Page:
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5 Questions to Ask Your Cabinet Maker


Cabinets have infinite options and design possibilities and are the most expensive part of your new kitchen. Here are some definitions to help you out when talking with your cabinet builder.

Box. This is the base structure of your cabinets. It can vary greatly in both quality and finish and can be overlooked. Make sure to have a UV Cured finish inside to make cleaning spills easier.

Face Frames. Face frames attach to the front of boxes. The cabinet doors attach to these face frames. Frameless cabinets will have nothing more than edge banding (a thin veneer) on the front of your boxes.

Doors & Drawer Fronts. Covering all or most of the openings in your cabinetry, these are the main visible aspect of the cabinets.

Toe Kicks. The space under the cabinet that allows room for your toes as you stand at the cabinets. There are several different styles.

Hinges & Slides. The necessary hardware used to operate your doors and drawers. These can greatly affect the quality of your cabinets. Drawers that stick or eventually sag from low budget slides will cost you more in the end.

Knobs & Pulls. Door knobs and drawer pulls can be vastly important not only to the look of the cabinet but to their functionality. They may be an extra cost or included in the cabinet bid.

Finish. The coatings that protect your investment. Much like the paint on your car, finishes give style and protection. Stain, paint, and top coats should all be considered.

5 Questions to Ask Your Cabinet Maker

  1. What materials will you use in making the cabinets? Solid wood plywood for the boxes and solid hardwood for the face frames are a must for longevity. Never settle for particle board boxes.
  2. How are the cabinets being assembled? Glued and pocket screwed for strength and pocket screws for face frames. Cheaply stapled cases without glue will fall apart in time. Ask if face nails will be used on your face frames creating lots of small unsightly pock marks.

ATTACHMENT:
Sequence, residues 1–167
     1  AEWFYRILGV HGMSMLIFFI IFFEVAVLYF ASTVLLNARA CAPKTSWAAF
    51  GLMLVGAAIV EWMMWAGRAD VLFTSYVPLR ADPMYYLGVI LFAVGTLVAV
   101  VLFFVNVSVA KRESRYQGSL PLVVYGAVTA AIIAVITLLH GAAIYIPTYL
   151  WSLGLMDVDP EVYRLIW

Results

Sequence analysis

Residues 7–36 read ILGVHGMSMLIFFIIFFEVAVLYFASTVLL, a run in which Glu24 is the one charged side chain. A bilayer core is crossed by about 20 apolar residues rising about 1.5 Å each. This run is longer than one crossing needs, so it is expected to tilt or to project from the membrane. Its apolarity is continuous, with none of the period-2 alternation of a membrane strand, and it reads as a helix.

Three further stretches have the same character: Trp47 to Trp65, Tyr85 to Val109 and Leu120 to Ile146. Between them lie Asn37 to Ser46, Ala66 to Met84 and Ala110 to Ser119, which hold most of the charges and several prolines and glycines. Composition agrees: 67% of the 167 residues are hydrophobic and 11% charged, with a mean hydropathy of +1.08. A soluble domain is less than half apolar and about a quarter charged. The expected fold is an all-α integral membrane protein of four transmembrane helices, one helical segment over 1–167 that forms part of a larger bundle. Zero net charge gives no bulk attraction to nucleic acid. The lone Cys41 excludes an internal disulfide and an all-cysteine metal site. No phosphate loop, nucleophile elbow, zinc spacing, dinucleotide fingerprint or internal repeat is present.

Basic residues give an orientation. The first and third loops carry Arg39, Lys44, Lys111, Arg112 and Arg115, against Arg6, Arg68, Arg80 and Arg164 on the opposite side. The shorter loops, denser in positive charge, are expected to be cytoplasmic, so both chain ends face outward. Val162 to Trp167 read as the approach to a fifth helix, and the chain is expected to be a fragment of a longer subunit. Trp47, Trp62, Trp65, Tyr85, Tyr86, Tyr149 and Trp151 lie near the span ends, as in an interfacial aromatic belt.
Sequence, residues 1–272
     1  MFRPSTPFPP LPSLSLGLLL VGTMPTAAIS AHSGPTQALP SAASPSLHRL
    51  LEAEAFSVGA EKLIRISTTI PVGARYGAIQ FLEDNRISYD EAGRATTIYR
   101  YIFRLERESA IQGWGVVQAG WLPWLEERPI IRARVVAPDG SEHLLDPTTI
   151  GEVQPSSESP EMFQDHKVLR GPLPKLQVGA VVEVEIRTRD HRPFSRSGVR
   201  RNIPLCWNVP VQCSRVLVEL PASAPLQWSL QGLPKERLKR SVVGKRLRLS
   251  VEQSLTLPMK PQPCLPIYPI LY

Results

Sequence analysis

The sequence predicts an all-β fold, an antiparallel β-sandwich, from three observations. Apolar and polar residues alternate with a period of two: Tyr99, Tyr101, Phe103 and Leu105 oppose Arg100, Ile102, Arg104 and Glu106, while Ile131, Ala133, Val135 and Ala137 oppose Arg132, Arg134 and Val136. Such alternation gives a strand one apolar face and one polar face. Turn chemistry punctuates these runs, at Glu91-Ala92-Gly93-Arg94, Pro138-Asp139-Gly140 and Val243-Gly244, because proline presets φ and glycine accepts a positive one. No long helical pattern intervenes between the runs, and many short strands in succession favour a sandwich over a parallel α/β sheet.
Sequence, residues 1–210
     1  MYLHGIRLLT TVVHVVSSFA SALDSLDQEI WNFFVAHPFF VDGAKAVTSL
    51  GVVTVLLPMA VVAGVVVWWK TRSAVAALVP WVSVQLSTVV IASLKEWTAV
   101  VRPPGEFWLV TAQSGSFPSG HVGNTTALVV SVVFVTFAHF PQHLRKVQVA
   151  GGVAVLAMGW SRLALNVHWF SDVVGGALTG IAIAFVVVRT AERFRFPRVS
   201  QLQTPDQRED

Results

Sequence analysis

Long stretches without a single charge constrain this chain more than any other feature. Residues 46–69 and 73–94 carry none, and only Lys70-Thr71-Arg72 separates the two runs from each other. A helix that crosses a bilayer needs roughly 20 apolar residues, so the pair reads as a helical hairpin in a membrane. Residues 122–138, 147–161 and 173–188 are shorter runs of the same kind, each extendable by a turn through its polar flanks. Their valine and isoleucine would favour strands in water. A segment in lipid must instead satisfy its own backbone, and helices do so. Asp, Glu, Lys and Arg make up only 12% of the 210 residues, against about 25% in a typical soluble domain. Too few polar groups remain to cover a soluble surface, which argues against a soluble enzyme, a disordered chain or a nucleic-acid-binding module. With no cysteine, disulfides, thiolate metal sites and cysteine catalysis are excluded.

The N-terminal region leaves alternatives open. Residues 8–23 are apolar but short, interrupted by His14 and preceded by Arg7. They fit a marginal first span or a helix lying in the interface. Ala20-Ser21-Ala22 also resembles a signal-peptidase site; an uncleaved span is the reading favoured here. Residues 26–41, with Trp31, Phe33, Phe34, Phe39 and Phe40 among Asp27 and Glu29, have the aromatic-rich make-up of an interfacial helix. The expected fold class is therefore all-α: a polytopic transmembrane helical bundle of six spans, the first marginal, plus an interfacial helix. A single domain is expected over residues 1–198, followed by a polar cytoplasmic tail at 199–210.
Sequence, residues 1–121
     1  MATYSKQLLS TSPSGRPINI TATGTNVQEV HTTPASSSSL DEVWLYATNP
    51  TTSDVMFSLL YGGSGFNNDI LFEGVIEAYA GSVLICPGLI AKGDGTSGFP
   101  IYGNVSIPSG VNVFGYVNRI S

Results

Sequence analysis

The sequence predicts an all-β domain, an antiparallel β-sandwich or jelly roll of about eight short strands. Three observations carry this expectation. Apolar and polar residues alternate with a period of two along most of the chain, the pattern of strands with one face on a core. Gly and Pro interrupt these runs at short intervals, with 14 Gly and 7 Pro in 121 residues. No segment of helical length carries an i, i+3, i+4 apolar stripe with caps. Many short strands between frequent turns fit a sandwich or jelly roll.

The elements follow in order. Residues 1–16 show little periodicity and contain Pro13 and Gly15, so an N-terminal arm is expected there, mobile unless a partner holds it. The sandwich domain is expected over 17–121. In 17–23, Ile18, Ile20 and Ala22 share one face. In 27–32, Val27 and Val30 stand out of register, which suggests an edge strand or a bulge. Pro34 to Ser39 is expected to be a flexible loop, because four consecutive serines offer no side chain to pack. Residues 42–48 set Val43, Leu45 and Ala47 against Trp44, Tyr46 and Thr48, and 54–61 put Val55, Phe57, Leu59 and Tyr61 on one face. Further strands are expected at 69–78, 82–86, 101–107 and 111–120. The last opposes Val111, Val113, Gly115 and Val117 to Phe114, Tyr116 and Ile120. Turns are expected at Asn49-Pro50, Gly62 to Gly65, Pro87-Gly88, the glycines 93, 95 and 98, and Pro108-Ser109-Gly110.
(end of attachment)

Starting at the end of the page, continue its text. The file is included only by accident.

3. What finishes do they plan on using? Shop-finished cabinets are preferred. Having someone in your home to spray finished with VOCs and chemicals is not recommended at all. A shop sprayed pre-catalyzed lacquer is the best finish. Cabinets with glass doors or no doors should be stained and finished inside to match the outsides.
  4. How are the drawers and slide-out shelves made? Dovetailed drawers are the standard of strength. Solid wood sides are best. Don’t accept stapled MDF. In fact, no MDF at all should be in the cabinets. MDF is not a structural material.
  5. What Hardware will you use? Under mount soft-close are the best. With good hardware you will find that doors and drawers open and close with ease every time. For the doors, there are soft close features that will keep them from banging. Quality hardware will last much longer. Also, ask if the hardware products are cheaply made of cast pewter or if they are cold-rolled steel.


Are you ready to create your dream kitchen space? Contact DNG Millwork for custom kitchen cabinets today. Call 305.830.3000 for a quote.


Posted: November 22, 2016

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